1. CatherineinBarre March 28, 2008 at 5:31 am #

    In Vermont, many hardware stores accept old CFLs. I think all ACEs do.

  2. Jen March 28, 2008 at 9:48 am #

    Thank you for posting this. I have long been worried about this and I'm glad that it's starting to hit the media. My husband and I hesitated switching to CFLs because of this and although we have begun switching, I'm still very frustrated with the lack of disposal options. I am lucky to live only 20 minutes from an IKEA so that is the only place I will buy my CFLs (since they will recycled used ones). I first bought them at Wal-Mart and returned them when I learned they didn't have a take-back program. I then went to Home Depot because the Today Show said that they take them back…wrong!…I wrote to Home Depot to inquire and they instructed me to check the website on the back of the packaging which listed a recycling center 44 miles away from my home(the only one listed in the entire State of Texas)…I have since found a closer facility on another website. I wrote to both Home Depot and WalMart to ask them why they don't have take back programs and neither of them responded. What's even more frustrating is that people like Oprah do "green" shows to promote CFLs, but don't even mention the mercury in them and the clean-up and disposal requirements of CFLs. Both of which I think are as important as talking about all the benefits of CFLs. I think that retailers who sell CFLs should be required to have take-back programs. This is the most convenient option for consumers and if it's not made convenient, the bulbs are going to end up in home trash and then in our landfills (which I included in my emails to Home Depot and WalMart).Thanks again for helping to spread the word about this…I love your blog, BTW, I subscribe to it and read it every day.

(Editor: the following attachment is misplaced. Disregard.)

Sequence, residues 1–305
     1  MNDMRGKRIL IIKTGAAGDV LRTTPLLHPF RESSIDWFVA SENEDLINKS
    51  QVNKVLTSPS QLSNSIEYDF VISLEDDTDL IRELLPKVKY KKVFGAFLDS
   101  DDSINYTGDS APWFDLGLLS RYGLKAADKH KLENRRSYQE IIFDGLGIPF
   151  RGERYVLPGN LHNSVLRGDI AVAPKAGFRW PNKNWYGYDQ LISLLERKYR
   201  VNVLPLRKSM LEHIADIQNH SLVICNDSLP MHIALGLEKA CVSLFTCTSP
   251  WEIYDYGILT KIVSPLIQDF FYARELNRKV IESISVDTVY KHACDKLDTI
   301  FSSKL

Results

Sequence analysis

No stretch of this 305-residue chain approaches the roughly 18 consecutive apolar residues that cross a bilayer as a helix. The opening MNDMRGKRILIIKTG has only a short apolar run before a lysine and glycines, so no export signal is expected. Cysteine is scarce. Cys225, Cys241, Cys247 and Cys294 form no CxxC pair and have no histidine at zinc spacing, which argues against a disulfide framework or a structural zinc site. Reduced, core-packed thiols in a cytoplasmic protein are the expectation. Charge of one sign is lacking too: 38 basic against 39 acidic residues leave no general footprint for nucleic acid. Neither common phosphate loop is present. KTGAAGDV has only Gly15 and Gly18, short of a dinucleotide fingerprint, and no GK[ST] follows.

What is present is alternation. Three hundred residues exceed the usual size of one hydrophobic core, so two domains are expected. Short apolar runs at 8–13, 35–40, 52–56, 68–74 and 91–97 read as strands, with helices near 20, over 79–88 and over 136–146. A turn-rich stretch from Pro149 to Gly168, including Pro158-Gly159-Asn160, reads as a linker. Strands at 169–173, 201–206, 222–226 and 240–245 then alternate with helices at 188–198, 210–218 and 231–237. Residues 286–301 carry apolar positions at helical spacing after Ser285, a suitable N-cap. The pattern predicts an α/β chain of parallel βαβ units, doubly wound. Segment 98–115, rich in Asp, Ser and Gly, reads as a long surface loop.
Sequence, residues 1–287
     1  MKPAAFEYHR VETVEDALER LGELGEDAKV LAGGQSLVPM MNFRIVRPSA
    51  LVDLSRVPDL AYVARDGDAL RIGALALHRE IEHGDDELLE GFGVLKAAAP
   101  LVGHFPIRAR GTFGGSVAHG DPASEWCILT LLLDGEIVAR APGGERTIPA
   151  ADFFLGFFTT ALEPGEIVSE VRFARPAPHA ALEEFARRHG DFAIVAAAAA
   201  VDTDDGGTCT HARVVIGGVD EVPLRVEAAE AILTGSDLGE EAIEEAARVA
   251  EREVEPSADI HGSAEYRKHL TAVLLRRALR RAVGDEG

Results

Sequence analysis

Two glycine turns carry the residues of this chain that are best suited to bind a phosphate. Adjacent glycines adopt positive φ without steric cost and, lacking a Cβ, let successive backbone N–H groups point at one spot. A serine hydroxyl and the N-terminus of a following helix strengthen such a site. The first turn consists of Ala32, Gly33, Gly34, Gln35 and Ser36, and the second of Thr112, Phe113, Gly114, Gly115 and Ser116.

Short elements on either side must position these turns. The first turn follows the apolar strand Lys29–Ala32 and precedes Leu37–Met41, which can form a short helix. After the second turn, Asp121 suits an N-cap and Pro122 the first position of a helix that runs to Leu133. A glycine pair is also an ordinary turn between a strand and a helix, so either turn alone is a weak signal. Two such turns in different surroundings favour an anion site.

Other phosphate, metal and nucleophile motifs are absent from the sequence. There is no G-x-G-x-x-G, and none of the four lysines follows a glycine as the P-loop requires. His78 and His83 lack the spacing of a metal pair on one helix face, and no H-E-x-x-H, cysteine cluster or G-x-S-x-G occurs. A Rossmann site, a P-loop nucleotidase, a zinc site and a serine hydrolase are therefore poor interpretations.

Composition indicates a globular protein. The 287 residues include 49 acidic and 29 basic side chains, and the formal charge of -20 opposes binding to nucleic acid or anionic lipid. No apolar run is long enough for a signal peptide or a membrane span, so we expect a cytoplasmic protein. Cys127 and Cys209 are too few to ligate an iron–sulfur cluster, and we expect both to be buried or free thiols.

3. Katy Farber March 28, 2008 at 6:04 pm #

    Thanks for the tip, Catherine! And Jen, YES! every store that sells these should have to take them back to be recycled! Not many people in this world are as diligent as you and they will most certainly end up in the landfill, polluting our water and soil. There should be complete retail and manufacturer responsibility. I totally agree– everyone seems to gloss over the mercury piece of this– we need to be thoughtful and place for the problem instead of pretending it doesn't exist. Way to go for emailing Walmart and Home Depot. Should we organize an email campaign from Non-Toxic Kids readers??I am so glad you like the blog. Please help me spread the word about it. I would love to sustain the effort and do it for the long haul. Thanks for reading and commenting, and for your action steps about this issue!

Trackbacks/Pingbacks

  1. Green Parenting Links (eco-baby gifts, CFL recycling, and natural child birth)-- | Non-toxic KidsNon-toxic Kids - May 24, 2014

    […] news from a major corporation! A long while ago I wrote about the problem of mercury in those nifty energy saving CFL bulbs we are all buying. Seems there are lots of folks throwing them away and not knowing they need to be recycled to […]